Editorial

There is little doubt the approval of a half-cent sales tax approved for education by the Cullman County Commission earlier this month was needed, but how it was approved is what surprised most residents.

The initial reaction was generally favorable, because Cullman County Schools Superintendent Shane Barnette said the money from the 15-year tax would be used for a wide range of upgrades on facilities and additional safety measures. He also mentioned Project X.

A week after the tax hike was approved we officially learned that Project X is a $30 million sports complex proposal. Barnette said 30 percent of the new half-cent tax would help finance the complex, along with lodging tax money from the Cullman Area Chamber of Commerce and a bond issue.

For the record, the unveiling of Project X came one day after the City of Cullman announced its plans for a new multi-purpose sports complex, which has been on the drawing board for four years.

Let’s not digress – proposing to build two sports complexes just miles apart by two different entities is a subject for another day – let’s focus on where the half-cent sales tax problems started.

On March 12, the county school board had an emergency-called meeting to pass a resolution requesting the tax hike a couple of hours before a regular scheduled county commission meeting. Barnette and a few school officials arrived at the commission meeting asking for the tax. With little discussion, the tax was approved without advance knowledge of the public.

Although there was nothing illegal about how the tax was passed since it dealt with education, according to County Attorney Chad Floyd, the process lacked community vetting and transparency.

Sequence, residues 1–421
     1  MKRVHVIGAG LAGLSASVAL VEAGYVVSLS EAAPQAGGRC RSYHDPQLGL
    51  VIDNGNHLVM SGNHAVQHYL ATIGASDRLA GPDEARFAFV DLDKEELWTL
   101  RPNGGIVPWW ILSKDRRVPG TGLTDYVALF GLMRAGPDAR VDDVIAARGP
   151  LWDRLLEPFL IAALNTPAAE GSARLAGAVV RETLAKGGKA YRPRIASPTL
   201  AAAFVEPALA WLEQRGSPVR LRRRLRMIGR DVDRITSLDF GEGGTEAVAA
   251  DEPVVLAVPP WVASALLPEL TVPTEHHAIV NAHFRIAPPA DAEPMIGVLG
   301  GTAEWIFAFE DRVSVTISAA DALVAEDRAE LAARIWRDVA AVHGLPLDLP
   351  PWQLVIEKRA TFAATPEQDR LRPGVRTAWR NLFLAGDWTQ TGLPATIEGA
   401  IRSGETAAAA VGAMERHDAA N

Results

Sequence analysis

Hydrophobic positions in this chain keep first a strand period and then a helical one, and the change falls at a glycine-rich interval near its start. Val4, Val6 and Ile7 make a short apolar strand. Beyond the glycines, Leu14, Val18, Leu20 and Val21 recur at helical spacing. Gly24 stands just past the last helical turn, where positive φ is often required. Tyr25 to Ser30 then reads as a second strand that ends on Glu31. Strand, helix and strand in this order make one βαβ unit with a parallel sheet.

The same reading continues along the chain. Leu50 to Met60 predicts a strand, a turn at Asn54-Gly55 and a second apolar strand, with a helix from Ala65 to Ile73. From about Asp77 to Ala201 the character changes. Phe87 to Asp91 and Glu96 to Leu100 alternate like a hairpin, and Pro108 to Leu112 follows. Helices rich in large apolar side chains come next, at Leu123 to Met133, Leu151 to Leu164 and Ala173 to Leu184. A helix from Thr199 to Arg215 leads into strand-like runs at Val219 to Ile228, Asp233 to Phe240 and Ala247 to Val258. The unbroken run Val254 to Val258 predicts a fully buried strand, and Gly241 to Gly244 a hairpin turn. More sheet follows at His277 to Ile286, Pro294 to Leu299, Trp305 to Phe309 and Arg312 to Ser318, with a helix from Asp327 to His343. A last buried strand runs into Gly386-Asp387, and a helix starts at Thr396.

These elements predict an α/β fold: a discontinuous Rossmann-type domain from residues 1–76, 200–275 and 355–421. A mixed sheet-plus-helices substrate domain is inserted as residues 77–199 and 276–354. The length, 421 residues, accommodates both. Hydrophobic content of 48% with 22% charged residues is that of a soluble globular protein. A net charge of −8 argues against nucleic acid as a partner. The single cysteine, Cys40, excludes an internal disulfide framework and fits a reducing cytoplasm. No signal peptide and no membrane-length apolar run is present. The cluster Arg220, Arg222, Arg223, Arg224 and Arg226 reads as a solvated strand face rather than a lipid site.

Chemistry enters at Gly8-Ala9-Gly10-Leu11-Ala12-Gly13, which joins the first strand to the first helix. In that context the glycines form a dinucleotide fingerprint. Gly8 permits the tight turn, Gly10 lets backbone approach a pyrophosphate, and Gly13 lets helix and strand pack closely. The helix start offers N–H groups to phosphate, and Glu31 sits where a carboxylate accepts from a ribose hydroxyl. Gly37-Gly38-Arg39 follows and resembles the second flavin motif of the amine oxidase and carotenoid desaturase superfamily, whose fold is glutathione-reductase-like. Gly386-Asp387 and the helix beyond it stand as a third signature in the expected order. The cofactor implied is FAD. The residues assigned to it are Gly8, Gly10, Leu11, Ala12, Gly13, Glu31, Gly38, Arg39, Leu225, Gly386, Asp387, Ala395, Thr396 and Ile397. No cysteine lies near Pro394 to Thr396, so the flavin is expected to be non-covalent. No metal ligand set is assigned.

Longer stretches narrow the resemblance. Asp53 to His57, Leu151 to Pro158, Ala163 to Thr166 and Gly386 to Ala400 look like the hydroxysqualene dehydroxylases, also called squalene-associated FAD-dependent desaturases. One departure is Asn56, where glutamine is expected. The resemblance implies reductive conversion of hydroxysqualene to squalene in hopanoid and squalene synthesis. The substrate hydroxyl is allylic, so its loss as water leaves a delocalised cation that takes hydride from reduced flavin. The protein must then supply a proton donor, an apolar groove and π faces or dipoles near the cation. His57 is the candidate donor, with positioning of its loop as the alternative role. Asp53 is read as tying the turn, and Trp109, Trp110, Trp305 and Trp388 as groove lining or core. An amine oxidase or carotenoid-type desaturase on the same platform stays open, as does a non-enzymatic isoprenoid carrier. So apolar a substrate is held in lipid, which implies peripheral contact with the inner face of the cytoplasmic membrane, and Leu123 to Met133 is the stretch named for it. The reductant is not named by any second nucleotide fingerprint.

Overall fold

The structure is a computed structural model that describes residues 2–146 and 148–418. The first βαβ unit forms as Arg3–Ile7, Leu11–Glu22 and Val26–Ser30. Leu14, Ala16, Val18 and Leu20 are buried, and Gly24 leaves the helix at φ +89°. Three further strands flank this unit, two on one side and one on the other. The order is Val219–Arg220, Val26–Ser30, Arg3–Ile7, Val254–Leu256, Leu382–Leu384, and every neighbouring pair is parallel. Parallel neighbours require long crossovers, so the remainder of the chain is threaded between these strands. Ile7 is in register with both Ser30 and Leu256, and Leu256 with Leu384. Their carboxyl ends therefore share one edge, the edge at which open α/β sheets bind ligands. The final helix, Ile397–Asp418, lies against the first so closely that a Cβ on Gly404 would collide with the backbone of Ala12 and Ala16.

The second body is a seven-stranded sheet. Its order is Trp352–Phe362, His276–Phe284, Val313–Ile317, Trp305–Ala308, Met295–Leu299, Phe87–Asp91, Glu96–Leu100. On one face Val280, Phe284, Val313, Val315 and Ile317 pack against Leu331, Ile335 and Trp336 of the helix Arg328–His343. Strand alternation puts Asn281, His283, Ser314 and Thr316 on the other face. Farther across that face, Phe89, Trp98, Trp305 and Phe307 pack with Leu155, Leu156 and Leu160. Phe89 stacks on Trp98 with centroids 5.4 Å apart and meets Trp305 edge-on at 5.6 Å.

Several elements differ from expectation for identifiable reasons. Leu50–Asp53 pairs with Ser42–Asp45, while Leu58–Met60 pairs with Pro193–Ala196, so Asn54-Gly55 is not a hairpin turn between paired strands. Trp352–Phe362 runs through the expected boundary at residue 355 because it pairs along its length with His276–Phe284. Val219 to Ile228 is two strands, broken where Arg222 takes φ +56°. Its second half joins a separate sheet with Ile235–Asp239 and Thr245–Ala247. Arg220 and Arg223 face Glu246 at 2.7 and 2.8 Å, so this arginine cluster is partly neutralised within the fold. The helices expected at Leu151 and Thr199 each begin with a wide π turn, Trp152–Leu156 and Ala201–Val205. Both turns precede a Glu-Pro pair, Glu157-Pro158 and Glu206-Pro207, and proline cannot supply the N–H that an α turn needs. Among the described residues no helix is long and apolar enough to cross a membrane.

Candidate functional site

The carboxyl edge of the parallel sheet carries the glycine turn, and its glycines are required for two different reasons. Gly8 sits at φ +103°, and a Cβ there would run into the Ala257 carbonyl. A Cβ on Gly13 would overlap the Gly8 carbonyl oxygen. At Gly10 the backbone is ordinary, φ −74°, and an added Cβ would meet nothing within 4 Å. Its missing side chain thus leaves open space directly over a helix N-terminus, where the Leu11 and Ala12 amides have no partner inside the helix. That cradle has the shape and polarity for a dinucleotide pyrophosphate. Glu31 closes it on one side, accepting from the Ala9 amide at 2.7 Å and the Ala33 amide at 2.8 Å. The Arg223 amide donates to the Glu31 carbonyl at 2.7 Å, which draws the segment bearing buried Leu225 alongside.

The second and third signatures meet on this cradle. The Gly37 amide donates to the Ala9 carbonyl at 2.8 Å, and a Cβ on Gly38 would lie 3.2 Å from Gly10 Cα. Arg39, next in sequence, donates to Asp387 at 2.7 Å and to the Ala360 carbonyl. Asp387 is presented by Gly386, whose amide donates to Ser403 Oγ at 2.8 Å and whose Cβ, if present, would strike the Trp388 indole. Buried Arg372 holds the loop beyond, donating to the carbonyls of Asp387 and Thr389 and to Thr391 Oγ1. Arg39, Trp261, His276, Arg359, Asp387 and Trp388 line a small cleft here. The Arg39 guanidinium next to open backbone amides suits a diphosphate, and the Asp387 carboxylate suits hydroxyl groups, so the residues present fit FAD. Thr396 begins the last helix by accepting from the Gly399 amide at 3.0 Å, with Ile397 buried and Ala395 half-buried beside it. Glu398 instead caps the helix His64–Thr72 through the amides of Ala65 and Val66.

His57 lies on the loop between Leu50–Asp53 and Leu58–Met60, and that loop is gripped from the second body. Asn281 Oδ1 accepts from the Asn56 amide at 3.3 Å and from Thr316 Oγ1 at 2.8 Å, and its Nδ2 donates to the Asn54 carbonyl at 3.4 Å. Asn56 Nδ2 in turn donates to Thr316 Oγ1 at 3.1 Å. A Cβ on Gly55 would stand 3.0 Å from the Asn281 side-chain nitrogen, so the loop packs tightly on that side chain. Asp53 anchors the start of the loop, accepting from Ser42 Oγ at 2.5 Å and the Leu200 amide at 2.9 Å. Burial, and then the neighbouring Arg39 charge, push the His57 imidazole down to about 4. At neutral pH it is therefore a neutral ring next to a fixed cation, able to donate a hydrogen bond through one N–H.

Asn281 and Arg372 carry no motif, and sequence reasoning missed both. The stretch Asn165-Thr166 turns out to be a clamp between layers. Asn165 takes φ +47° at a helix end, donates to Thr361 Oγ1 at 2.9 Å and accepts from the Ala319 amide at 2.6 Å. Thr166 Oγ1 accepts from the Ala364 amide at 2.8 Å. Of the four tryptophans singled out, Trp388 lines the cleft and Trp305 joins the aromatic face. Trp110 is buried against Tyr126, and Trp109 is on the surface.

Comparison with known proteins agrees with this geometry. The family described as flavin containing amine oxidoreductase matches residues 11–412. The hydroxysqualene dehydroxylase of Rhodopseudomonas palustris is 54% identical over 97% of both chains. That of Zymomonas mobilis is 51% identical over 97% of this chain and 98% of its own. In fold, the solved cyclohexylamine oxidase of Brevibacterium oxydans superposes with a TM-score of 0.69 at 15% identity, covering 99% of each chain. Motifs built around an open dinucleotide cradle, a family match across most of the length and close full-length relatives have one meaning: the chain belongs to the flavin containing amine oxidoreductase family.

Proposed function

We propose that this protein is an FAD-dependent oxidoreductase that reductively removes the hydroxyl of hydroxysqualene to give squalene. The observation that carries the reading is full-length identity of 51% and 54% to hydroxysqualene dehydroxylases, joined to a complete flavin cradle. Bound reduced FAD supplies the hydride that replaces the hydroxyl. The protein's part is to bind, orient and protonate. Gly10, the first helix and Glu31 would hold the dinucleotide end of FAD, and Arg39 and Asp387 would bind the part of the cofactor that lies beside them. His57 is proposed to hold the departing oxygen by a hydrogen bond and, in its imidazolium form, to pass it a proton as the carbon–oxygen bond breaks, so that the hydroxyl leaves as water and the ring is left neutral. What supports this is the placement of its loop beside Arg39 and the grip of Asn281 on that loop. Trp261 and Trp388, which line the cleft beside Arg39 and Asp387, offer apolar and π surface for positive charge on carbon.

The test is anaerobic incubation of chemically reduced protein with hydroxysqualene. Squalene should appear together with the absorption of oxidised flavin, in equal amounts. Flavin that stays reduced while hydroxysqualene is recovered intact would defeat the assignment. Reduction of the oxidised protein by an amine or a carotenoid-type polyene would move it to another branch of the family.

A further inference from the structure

While county schools are in dire need of money and the commission recognized the value of providing the tax, the transparency that is so important in government was missing in this case.

Simply put, we have not been able to find any evidence showing taxpayers were included in discussions about the tax increase before school officials presented the request to Commission Chairman Kenneth Walker and commissioners Kerry Watson and Garry Marchman.

On Tuesday, a group of residents descended on the county commission meeting to voice displeasure at how the tax was raised, not so much about the purpose of the tax.

We agree – why did the half-cent tax have to be pushed through with no time to spare?

A few years ago, former Cullman County Schools Superintendent Billy Coleman succeeded in accomplishing what few of his predecessors had ever done. He convinced voters to approve a 1-cent sales tax increase so the school system could make some improvements, including not operating with shortfalls in revenue.

Coleman conducted a series of detailed meetings across the county, carefully outlining the financial plan as it related to schools. That effort provided a sense of trust, built through factual information and facing residents regularly to show the plan.

County schools are in much better condition because of that tax, but it is a large system with aging facilities. The need for more money is real.

Many residents have been supportive of the half-cent tax because they want children in safe and functional schools. It’s tying the proposed sports complex to the deal that has troubled most. On Thursday, the Hanceville City Council voiced its opposition to the complex and Mayor Kenneth Nail said the deal is not done.

The complex is an elaborate plan with an indoor facility, football field, tennis courts and other features, including space for theater and other activities. The plan itself is intriguing, but with some advanced open discussions, officials might have learned many residents don’t want to leave their communities for sporting events – those activities bind communities together.

The confusion and questions being raised today concerning the tax increase highlight a lack of transparency.

In hindsight, not being transparent and asking for public input is where county school officials and commissioners failed taxpayers.

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